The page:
Throughout the world, in all civilizations, there are celebrations reflecting nature’s rhythms, important transitions, and significant moments in the life of the culture. We celebrate these to sustain and renew ourselves. For people today, who can so insulate their lives as to be unaware of the seasons, of reaping and sowing, of dark and light, of birth and death, seasonal festivals can help provide a real touchstone with the cycles of the earth and the soul nurturing they provide.
In Waldorf schools, the elements of festival—light, food, song and story—permeate the weekly school rhythm. However, the cadence of the year receives its form through seasonal festivals. Annual Waldorf festivals of nature and humanity are celebrated in ways that foster wonder, reverence and gratitude and which nourish the future capacity to respond—to be responsible for and among the human community.
Below are some of the seasonal festivals that are widely celebrated in Waldorf schools and homes.
Some of these festivals are unique to Waldorf while others are uniquely celebrated in the Waldorf tradition. I have included typical dates for these seasonal festivals.
Autumn Waldorf Festivals
Michaelmas: Feast of Saint Michael ~ September 29
Enrolling in a Waldorf school for the first time may also mean a first encounter with the celebration of the festival of Michaelmas for many families. It stands as one of the four corner posts of the yearly cycle of festivals.
Michaelmas celebrates the forces of the Archangel Michael (usually pronounced Myk-i-el), the time-spirit of this epoch. As the seasons transition from the outer warmth of summer to the coolness of fall, we turn inwards, towards ourselves and towards our community for inner warmth. The Michaelic forces imbue us with the confidence and courage to look to the spiritual world for strength, and renew the impulse to live our lives on the earth to the best of our abilities and become a true community of human beings. In the Celtic tradition, Michael represents the unconquered hero, fighting against evil and the powers of darkness. He is a model for valor and courage. Waldorf tradition celebrates with a play about St. George, the human counterpart of Michael, taming the dragon.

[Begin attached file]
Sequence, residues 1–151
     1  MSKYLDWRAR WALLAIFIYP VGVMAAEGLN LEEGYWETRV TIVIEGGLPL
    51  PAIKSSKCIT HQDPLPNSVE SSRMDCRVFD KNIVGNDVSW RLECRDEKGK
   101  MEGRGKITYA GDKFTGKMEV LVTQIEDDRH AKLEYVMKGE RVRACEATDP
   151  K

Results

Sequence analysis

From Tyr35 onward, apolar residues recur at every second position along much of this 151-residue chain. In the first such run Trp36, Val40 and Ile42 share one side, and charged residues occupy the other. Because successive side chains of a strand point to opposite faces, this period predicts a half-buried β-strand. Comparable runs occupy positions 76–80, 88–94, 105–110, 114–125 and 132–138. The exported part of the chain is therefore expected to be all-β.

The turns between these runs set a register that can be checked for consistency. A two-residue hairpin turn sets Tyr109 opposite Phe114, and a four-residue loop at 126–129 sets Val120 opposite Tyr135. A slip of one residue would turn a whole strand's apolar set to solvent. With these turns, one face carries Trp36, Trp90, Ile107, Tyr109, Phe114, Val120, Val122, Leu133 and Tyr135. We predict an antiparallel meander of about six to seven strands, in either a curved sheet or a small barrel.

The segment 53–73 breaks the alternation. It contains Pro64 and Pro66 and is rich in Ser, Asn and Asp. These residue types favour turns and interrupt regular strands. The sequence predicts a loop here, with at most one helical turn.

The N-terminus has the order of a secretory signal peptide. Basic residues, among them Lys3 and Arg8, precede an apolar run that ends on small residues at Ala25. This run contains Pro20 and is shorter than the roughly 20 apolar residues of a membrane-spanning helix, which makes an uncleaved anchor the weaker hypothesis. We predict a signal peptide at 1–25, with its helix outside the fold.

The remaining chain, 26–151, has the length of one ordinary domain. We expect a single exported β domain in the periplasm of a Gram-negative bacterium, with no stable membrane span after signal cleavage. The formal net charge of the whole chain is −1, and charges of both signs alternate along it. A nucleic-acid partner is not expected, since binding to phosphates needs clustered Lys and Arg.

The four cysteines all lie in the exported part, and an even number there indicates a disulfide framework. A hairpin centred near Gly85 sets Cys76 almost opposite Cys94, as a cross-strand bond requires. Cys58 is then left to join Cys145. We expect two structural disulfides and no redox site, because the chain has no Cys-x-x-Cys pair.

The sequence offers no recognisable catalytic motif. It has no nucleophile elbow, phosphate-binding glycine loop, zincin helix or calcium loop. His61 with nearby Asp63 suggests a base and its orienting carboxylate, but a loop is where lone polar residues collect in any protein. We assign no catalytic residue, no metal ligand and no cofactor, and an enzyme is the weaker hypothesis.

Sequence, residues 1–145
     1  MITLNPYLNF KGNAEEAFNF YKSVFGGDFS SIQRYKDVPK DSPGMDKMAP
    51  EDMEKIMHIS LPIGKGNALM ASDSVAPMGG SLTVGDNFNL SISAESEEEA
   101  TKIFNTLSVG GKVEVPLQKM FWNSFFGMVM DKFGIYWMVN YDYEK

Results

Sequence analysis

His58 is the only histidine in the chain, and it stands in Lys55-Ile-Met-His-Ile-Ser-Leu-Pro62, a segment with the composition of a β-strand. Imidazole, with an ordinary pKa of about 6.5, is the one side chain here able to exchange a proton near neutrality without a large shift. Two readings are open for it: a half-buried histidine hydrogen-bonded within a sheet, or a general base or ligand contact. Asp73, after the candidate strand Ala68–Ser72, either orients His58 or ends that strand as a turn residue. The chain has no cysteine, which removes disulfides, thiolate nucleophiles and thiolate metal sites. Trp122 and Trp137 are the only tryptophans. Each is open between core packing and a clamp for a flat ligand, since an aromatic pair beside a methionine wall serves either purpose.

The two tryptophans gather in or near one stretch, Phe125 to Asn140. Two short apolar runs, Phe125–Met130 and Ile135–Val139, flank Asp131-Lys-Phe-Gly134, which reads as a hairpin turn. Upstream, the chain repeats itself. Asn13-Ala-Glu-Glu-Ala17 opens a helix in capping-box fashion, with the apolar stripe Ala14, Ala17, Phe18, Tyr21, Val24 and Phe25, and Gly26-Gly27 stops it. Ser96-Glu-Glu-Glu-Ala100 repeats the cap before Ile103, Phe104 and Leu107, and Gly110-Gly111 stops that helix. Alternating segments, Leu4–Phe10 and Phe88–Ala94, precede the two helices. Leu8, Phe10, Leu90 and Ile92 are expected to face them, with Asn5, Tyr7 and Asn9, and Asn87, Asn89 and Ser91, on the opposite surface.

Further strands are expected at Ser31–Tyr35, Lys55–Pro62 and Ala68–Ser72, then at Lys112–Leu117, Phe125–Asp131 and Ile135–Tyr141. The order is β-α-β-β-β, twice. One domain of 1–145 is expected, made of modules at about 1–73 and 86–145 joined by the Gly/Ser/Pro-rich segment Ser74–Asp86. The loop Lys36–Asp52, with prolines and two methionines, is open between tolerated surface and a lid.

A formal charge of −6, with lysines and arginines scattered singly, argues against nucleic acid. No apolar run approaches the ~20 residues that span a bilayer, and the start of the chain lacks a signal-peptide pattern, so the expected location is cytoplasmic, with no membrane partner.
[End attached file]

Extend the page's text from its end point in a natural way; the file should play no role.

Dia de los Muertos ~ November 1 and 2
Día de los Muertos is a celebration that comes from the blend of the pre-Hispanic Mesoamerican cultures and the Spanish Catholics. The indigenous cultures of Mexico believed that the souls of the departed returned to visit during this time of year.
To this day, families gather to remember those who have gone, with stories, singing, dancing, and sharing a feast composed of their remembered loved ones’ favorite foods. The customs for Día de los Muertos are as diverse as a simple offering of flowers at the tombs of the loved ones to creating beautiful and artistic altars to honor family members who have crossed over. Waldorf high school students often create a campus altar to honor all of their ancestors. Everyone is invited to bring photographs of loved ones, flowers, candles, and any special mementos that hold the memory of ancestors.
Martinmas: Feast of Saint Martin ~ November 11
From France comes the legend of Saint Martin, who as a young man passed under an archway in the city of Amiens and discovered a poor beggar huddled there. The man was nearly naked, shivering with cold, and had received no alms to assist him. On seeing him, the young Martin took his own cape from his shoulders, tore the garment in half, and covered the poor man to warm him. The following night Martin had a dream in which he saw Christ wearing the same piece of his cape. The experience confirmed in him his devotion to all humankind regardless of their station in life.